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Matan Levi
Matan Levi

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The power of custom hooks in React (responsive design example)

Generally, custom hook is a great pattern in order to handle modularity and composition in your app. you can write a custom hook for almost everything!

BTW, if you're interested in custom hooks, I assume you are familiar with React hooks concept. if not, no worries, you can read about it here.

Something that worth to mention here (taken from React docs):

Hooks are functions that let you “hook into” React state and lifecycle features from function components. Hooks don’t work inside classes — they let you use React without classes. (We don’t recommend rewriting your existing components overnight but you can start using Hooks in the new ones if you’d like.)

"Captain hook"

Let's take responsive window handling as an example..

The most common approach for responsive design is CSS media queries, but in some cases, we will want to handle it via JavaScript (conditionally render components, execute some logic when window size is changing to some point, etc.)

In the example below you will see how we can use React hooks for that purpose + compose code and reuse/share it across an app(s).

Some declarations

Our custom hook is called useResponsiveWindow and gets sizes as an optional object.

Hook name convention is a use prefix followed by a story telling, camel cased name (like useState, useRef, useContext, etc.)

Most of the apps use these common sizes which declared as a default using DEFAULT_SIZES, but feel free to change or pass your own to the hook.

DESKTOP_MIN size is also a standard minimum resolution for a desktop view (Again, not a taboo..). we will use it later.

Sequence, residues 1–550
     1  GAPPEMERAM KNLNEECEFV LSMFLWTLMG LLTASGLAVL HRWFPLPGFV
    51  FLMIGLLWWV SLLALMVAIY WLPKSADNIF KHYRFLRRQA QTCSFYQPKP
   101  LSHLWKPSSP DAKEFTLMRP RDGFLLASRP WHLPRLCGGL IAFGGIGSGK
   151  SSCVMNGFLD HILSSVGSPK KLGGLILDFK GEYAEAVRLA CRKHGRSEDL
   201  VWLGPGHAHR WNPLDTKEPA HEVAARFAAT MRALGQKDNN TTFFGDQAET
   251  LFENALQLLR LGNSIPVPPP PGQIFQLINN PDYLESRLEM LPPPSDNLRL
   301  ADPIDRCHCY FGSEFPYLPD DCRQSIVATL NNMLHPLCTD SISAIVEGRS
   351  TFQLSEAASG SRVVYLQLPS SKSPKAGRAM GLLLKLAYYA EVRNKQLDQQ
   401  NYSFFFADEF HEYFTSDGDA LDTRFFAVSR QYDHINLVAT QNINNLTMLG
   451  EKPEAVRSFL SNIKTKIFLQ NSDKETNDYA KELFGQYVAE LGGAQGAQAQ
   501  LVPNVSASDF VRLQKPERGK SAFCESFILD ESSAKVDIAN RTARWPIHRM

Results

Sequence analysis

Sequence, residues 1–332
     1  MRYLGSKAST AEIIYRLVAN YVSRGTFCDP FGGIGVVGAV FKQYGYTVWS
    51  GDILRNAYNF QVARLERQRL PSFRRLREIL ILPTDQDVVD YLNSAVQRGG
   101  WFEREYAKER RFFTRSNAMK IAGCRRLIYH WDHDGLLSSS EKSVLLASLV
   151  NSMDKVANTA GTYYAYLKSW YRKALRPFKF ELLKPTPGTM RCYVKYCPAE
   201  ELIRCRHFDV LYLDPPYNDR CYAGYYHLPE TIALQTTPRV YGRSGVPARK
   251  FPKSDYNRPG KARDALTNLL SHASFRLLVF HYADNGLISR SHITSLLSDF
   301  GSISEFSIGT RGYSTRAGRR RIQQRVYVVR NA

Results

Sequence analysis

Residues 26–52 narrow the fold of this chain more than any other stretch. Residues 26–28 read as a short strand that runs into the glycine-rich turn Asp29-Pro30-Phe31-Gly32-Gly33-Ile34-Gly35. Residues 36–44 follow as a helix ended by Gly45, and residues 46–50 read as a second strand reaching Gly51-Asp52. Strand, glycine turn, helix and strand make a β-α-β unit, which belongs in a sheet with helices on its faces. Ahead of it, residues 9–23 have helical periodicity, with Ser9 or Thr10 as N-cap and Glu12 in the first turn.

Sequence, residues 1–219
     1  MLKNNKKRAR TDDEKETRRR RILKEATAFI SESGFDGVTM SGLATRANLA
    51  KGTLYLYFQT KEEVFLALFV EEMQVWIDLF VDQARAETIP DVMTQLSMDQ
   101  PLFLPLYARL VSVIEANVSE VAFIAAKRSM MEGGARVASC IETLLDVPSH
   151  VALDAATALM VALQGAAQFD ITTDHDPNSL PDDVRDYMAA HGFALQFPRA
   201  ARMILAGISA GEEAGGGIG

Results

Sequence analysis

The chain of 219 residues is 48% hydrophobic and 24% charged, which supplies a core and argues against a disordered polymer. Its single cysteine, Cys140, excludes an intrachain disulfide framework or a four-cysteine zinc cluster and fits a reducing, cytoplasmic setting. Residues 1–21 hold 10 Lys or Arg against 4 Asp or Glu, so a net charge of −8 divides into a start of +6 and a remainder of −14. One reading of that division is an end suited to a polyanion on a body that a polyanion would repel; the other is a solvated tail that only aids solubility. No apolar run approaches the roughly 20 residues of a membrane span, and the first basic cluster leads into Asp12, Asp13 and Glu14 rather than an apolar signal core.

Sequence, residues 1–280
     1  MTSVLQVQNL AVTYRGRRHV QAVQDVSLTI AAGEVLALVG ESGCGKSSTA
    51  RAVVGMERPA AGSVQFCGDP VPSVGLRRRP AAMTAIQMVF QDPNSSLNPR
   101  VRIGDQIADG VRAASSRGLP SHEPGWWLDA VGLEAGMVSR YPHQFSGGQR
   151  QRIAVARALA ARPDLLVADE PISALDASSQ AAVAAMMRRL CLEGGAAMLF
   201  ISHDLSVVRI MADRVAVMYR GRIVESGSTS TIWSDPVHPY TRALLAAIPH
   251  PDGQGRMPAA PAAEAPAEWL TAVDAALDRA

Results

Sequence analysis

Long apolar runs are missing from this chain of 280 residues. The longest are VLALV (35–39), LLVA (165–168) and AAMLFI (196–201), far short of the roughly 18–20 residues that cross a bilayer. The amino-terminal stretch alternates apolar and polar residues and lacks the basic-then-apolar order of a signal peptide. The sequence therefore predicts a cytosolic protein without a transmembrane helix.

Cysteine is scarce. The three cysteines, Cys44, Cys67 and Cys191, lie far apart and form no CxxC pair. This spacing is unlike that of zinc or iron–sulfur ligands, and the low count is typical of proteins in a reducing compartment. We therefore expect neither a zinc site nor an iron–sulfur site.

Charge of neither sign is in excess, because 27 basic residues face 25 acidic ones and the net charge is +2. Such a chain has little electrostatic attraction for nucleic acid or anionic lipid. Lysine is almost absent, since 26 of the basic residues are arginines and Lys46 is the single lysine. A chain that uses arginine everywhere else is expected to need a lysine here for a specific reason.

First, we will want to save state for first, on load, width & height using useState.

  small: [1366, 768],
  medium: [1400, 900],
  large: [1920, 1080],
  mobile: [360, 640]

export enum ResolutionState {
  XS = "Extra Small",
  SMALL = "Small",
  MEDIUM = "Medium",
  LARGE = "Large"

const DESKTOP_MIN = [1280, 720];

const useResponsiveWindow = (sizes = DEFAULT_SIZES) => {
  const [width, setWidth] = useState(window.innerWidth);
  const [height, setHeight] = useState(window.innerHeight);
  const resizeTimer = useRef(null);

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Track window size and store it

Adding resize event listener (remove it on unmount) and execute handleWindowResize which will save the new values.


  const handleWindowResize = useCallback((e) => {
    resizeTimer.current = setTimeout(() => {

    }, 200);

  }, [setWidth, setHeight, resizeTimer]);

  useEffect(() => {
    return () => {
      window.removeEventListener('resize', handleWindowResize);
  }, [handleWindowResize]);

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Useful insights

Now that we have width, height and resolution thresholds, we get some insights that we can use in our application.


  const resolutionState = useCallback((type) => {
    const index = type === 'width' ? 0 : 1;
    const value = type === 'width' ? width : height;
    if(value >= sizes?.small[index] && value < sizes?.medium[index]) {
      return ResolutionState.SMALL;
    } else if(value >= sizes?.medium[index] && value < sizes?.large[index]) {
      return ResolutionState.MEDIUM;
    } else if(value >= sizes?.large[index]) {